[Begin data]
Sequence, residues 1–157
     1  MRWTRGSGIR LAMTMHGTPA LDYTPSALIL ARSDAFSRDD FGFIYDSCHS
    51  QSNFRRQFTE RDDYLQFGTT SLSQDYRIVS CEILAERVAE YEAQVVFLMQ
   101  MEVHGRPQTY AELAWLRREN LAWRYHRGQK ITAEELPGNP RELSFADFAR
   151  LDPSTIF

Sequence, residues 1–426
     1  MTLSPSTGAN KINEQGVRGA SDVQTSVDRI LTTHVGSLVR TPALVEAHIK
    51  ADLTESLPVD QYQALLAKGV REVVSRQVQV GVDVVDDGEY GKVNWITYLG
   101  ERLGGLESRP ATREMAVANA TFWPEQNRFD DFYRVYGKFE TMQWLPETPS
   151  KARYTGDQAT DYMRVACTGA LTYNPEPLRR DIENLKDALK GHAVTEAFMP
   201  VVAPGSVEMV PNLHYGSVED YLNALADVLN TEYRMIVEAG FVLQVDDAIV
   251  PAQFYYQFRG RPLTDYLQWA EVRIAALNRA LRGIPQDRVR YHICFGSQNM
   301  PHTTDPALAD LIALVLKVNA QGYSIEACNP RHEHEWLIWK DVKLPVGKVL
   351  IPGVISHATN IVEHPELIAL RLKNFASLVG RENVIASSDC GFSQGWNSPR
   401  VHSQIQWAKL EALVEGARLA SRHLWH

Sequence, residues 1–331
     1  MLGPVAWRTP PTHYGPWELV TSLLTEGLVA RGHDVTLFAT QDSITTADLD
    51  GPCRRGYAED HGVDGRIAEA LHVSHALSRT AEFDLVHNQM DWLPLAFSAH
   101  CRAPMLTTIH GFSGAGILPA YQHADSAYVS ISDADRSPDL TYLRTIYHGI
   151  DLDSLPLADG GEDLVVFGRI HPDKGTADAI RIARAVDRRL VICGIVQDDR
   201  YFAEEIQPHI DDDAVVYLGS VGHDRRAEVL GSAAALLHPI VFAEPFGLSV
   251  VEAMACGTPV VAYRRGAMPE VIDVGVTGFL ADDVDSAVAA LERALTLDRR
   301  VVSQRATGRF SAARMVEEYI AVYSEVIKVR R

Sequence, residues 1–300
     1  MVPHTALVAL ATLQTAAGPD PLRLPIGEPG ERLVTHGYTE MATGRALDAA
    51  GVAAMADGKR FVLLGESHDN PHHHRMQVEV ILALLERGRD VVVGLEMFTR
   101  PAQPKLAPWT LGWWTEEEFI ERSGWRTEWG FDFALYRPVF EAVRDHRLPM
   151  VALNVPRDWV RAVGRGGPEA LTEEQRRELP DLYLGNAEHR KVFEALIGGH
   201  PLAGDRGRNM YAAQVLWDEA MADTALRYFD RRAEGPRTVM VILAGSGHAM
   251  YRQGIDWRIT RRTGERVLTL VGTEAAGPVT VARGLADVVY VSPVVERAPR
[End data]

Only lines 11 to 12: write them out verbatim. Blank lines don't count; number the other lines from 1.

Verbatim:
   201  VVAPGSVEMV PNLHYGSVED YLNALADVLN TEYRMIVEAG FVLQVDDAIV
   251  PAQFYYQFRG RPLTDYLQWA EVRIAALNRA LRGIPQDRVR YHICFGSQNM